Once the cleaning has been completed, your professional chimney sweep may feed video equipment through the damper opening. This will allow them to inspect the condition and integrity of the chimney flue and mortar joints. Most serious issues with chimneys are discovered during routine chimney sweeping. Video inspection allows for detection of water damage, missing or degraded mortar joints, black stains indicating smoke leakage and a slew of other possible issues.

Once a year, every year, have a Minneapolis chimney professional clean your chimney. If you have any questions regarding this information, the pros at 2nd Generation Chimneys are willing, able and happy to provide answers.

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Plymouth Chimney and Fireplace Tips: Ten Fire Safety Tips

Monday, May 21st, 2012

If you utilize your fireplace frequently in Plymouth, there are some preventative chimney cleaning and maintenance tasks that you should follow to avoid safety hazards. Even if you heat your home with a gas furnace or rarely use your fireplace, chimney fires and carbon monoxide leaks are still major concerns. Your chimney is part of your home’s ventilation system.

To maintain proper ventilation and prevent hazards, follow these guidelines:

1. Annual Inspections
The general consensus among fire safety experts is that chimneys should be inspected once a year by a certified chimney inspector. A qualified professional will inspect and clean your chimney to prevent air flow problems, fires, or carbon monoxide poisoning due to blockages and creosote buildup in homes heated with wood.

2. Burn the Correct Fuel
If you have a wood-burning application, such as a wood stove or fireplace, you should only burn wood that has been properly dried and stored properly for at least six months prior to burning. Never burn wood that has high amounts of resin, such as pine or other evergreens, and if you have a pellet stove, make sure you are burning pellets from a trusted source.

3. Chimney Cap and Cage Are Important – Without a chimney cap animals and birds will make your chimney their home.  These unwanted guests could lead to fires and poor ventilation for your chimney smoke.

4. Trash or Debris Do Not Belong in Your Fireplace– Burning trash or debris in your fireplace is never a good idea because the smoke could produce increased levels of creosote, or toxic smoke.  The smoke could also be highly pollutant.

5. Build the Fire Correctly – The first step to having a safe and efficient fire is to build the fire right.  Make sure that the logs are piled up towards the back of the fireplace, make sure the screen is ready to cover it up, and do not use flammable liquid to start the fire because if the liquid gets anywhere else in your home that could be dangerous.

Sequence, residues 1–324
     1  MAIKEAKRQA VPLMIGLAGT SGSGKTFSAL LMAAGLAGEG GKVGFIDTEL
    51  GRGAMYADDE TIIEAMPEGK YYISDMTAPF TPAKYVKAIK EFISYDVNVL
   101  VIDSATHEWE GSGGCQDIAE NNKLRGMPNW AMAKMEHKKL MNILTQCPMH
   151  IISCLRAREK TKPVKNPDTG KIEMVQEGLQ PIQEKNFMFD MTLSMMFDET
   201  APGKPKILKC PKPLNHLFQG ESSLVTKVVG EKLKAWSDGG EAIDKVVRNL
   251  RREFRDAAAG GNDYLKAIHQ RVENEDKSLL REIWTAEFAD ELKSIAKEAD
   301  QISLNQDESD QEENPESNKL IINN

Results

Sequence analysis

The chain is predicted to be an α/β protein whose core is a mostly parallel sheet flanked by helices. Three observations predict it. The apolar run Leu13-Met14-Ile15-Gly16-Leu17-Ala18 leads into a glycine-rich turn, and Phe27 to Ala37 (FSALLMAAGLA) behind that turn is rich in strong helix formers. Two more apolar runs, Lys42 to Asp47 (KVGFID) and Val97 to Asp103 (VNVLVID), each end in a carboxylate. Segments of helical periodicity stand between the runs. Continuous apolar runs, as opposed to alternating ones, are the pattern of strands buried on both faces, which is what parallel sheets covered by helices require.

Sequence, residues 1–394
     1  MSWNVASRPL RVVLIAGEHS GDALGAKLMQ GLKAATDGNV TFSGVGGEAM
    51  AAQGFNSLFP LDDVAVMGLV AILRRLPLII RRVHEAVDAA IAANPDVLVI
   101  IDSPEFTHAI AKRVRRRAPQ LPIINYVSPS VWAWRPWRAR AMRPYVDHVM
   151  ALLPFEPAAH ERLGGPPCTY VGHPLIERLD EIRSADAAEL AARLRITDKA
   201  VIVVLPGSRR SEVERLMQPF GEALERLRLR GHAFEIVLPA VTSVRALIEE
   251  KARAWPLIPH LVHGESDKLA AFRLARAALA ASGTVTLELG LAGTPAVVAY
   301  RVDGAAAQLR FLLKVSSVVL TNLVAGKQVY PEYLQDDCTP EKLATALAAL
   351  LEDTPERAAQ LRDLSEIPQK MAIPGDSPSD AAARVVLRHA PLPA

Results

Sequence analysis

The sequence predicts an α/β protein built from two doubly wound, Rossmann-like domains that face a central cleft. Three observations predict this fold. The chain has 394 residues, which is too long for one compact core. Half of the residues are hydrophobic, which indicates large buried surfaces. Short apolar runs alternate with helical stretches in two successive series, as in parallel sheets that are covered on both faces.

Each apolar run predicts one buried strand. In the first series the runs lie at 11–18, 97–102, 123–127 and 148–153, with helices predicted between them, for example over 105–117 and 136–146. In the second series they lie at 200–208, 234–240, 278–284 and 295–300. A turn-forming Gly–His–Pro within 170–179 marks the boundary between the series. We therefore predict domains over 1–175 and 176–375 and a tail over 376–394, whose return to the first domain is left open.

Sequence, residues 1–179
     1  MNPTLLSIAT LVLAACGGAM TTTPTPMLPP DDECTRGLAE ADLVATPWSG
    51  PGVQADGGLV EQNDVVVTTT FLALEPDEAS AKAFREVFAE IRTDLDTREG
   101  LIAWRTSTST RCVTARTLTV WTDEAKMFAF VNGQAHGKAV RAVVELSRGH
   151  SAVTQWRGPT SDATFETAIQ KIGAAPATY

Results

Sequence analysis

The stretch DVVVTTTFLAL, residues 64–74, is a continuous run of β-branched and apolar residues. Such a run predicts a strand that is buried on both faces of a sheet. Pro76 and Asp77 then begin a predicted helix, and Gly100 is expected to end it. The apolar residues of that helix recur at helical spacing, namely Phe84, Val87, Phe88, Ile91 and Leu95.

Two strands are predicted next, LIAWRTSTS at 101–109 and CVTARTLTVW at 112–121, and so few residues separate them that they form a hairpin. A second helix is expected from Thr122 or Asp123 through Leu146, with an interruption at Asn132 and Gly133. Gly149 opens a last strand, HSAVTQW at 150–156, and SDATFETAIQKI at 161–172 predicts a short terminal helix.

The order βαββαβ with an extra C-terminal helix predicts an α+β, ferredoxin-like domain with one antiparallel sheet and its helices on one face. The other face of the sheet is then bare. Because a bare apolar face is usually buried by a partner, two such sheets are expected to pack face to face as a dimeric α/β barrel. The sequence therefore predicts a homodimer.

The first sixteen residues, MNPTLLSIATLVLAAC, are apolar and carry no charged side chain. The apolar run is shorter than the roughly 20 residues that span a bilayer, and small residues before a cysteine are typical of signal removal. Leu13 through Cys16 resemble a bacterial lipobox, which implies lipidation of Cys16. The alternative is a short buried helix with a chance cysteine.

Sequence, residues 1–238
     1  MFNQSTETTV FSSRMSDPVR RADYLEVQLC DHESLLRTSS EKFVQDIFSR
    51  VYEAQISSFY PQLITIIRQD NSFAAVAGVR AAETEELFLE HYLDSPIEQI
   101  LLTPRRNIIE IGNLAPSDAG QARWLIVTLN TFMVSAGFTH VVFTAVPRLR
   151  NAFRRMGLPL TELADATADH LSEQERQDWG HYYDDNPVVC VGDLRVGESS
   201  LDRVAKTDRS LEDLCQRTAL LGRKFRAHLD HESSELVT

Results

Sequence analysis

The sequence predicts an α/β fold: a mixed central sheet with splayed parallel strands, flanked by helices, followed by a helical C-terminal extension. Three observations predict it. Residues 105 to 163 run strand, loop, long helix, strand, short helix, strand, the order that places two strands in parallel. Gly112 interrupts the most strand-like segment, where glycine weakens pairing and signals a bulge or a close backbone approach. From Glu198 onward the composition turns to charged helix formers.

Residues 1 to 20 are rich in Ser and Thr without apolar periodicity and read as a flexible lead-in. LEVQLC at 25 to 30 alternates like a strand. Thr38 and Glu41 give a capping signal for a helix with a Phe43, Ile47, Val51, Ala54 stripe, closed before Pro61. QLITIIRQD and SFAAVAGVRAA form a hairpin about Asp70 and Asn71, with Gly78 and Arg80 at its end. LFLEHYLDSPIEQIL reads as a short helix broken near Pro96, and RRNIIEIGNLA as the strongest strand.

6. Keep the hearth area clear – Remember that the fire in your home is still an open fire, and can throw out hot ash or embers that can ignite other flammable materials. Keep other materials at least 4 feet away from the fire in order to avoid this issue.

7. Install a Fireplace Screen – In order to avoid hot ash and embers from flying out of the fire, and things falling into the fire put up a fire place screen anytime you have a fire going. This will reduce all interactions with the fire, and make for a safer environment.

8. Smoke and carbon monoxide Detectors Save Lives. Smoke and carbon monoxide is definitely dangerous for the health of a family, but can sometimes go unnoticed until it is too late.  Installing a smoke and carbon monoxide detectors is incredibly easy and could save lives.
9. Pay Attention to Your Fire – Always extinguish your fire before going to bed or leaving the house.  A fire is unpredictable and potentially very damaging.  Even if you are in the house make sure to keep an eye on the fire so children or animals do not wander too close to it, especially if you do not have a fireplace screen.

10. Safe Distance from Chimney Flue – When smoke leaves your home it is warm enough to catch trees on fire over time.  Make sure to keep an eye on trees growing around your home to make sure they are not creeping closer to the top of your chimney.  Try to keep a fifteen to twenty foot distance between the top of your chimney and trees.

If you would like us to service your chimney or you have any questions please call 2nd Generation Chimneys.